Russia Plans Film Presence in Annexed Crimea Region

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A Ukranian military vehicle in Crimea on March 26.

Among planned steps are a relaunch of local film festivals and reviving a film studio.

MOSCOW -- As Russia strengthens its presence in the recently annexed Crimea, the Russian culture ministry has developed a plan of cinema-related activities for the region.

Vladimir Medinsky, culture minister and loyalist of President Vladimir Putin, suggested that the Yalta film festival in the Black Sea region's main resort town, Yalta, should be relaunched. Speaking at a session of the council for the development of the national film industry in Moscow on Wednesday, he added that a decision has already been made about establishing a film festival in another Crimean town, Gurzuf, and a children's film festival in Yalta.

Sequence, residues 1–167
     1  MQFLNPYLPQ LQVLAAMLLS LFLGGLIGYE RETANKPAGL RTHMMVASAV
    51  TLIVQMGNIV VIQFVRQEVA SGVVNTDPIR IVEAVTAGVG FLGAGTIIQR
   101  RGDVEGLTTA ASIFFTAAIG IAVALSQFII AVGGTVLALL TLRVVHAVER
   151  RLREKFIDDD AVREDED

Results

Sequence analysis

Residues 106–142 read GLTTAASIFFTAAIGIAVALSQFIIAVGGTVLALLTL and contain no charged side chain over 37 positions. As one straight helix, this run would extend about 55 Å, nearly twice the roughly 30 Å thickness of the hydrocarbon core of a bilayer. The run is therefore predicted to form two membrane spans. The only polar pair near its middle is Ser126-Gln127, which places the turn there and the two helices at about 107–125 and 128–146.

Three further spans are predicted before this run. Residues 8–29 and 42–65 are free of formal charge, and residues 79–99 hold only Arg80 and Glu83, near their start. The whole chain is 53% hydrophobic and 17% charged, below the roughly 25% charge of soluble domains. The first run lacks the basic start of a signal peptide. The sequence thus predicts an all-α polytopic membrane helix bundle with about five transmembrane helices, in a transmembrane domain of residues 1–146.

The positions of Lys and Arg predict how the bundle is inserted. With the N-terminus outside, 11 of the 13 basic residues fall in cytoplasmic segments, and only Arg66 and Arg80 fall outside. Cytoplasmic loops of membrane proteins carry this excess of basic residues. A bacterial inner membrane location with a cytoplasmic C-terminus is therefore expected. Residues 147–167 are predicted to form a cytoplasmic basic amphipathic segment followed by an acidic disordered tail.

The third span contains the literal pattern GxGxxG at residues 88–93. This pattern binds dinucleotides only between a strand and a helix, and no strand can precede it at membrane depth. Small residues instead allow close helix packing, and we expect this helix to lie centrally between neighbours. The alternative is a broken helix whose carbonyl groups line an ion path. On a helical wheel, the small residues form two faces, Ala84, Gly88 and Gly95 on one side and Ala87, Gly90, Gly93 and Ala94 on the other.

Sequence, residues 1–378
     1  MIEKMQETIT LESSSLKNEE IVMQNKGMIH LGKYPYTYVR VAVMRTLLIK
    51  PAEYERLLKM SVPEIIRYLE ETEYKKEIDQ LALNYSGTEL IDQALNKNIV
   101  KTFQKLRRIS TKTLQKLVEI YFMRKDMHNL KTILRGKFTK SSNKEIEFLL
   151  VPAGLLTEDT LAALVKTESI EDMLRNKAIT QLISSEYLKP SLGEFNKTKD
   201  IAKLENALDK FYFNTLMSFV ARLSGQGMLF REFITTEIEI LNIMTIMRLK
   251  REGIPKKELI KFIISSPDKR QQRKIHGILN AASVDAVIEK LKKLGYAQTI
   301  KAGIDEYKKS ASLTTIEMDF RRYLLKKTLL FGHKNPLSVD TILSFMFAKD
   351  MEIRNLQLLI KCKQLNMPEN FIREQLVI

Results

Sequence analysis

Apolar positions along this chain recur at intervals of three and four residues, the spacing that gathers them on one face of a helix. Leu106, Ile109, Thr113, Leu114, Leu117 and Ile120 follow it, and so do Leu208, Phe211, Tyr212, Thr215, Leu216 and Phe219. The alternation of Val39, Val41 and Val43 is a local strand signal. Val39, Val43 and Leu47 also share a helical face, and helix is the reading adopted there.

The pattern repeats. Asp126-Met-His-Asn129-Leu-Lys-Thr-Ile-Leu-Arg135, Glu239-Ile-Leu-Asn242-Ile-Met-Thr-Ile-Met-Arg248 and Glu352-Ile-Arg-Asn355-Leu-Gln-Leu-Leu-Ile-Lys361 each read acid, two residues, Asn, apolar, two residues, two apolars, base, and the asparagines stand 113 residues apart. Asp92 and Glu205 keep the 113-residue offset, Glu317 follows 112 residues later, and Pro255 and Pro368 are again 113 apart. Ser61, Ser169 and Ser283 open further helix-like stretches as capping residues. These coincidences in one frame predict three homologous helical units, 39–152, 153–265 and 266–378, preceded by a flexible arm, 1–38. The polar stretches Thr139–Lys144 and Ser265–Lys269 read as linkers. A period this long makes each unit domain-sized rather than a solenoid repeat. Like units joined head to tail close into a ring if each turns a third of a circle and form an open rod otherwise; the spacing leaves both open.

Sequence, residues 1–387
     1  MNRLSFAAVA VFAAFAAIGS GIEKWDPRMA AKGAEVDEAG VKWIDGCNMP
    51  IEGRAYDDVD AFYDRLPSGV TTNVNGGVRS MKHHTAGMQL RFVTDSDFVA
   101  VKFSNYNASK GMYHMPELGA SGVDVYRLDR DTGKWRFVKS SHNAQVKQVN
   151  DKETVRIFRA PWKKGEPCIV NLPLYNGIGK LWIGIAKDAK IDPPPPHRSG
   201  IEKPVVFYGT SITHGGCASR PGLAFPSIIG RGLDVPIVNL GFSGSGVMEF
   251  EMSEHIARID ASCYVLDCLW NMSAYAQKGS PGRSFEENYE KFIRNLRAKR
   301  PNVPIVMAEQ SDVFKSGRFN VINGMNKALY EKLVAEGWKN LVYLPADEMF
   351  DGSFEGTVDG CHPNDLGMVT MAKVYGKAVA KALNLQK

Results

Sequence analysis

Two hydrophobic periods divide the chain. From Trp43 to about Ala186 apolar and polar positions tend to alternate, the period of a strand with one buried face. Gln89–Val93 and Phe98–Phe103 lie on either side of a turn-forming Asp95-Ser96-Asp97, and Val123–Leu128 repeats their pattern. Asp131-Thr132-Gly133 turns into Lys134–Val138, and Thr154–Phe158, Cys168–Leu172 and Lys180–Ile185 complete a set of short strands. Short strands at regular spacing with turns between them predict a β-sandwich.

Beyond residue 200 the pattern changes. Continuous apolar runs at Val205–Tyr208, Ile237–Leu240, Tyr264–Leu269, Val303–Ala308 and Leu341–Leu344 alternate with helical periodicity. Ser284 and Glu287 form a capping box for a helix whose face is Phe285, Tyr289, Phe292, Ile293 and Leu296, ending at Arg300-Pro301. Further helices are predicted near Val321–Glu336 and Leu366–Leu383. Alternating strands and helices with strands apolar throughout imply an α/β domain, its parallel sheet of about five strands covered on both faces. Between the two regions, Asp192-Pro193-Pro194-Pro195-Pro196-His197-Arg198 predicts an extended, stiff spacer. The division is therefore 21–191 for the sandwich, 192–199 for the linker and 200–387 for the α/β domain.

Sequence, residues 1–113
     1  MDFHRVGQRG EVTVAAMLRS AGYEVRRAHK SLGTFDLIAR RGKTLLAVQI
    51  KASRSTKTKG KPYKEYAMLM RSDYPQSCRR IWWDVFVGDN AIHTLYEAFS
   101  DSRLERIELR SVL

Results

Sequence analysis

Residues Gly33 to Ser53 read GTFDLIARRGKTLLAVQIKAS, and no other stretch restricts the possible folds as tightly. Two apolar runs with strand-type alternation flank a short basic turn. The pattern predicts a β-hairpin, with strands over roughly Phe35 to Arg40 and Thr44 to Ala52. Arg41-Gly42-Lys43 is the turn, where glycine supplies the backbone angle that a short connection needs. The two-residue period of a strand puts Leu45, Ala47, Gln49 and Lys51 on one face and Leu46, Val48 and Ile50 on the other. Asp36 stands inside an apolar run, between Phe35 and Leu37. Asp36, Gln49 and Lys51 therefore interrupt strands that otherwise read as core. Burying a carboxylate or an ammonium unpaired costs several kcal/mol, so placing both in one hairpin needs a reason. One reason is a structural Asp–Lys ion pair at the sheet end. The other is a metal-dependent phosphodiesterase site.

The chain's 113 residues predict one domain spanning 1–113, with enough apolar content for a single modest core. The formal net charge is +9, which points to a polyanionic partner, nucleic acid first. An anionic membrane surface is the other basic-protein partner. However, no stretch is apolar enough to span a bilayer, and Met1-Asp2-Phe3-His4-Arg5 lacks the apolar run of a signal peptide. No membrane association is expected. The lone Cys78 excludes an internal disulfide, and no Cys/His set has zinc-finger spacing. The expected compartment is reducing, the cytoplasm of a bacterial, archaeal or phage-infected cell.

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According to Medinsky, there are also plans to revive the Yalta film studio. Formed in 1917, the studio did well during the Soviet era and was privatized following the collapse of the Soviet Union. Several companies were later involved in litigations over the lucrative property, while some facilities are still used for film production.

Medinsky added that his agency is determined to complete the first major co-production between Russia and Ukraine in years, Bitva za Sevastopol (Battle of Sevastopol). The first stage of filming was completed in Crimea last fall, but then production came to a halt as Ukraine's national film agency was no longer able to foot its part of the bill due to financial problems against the backdrop of political and economic turmoil in the country. Medinsky said that Russia will complete the World War II movie "with its own resources."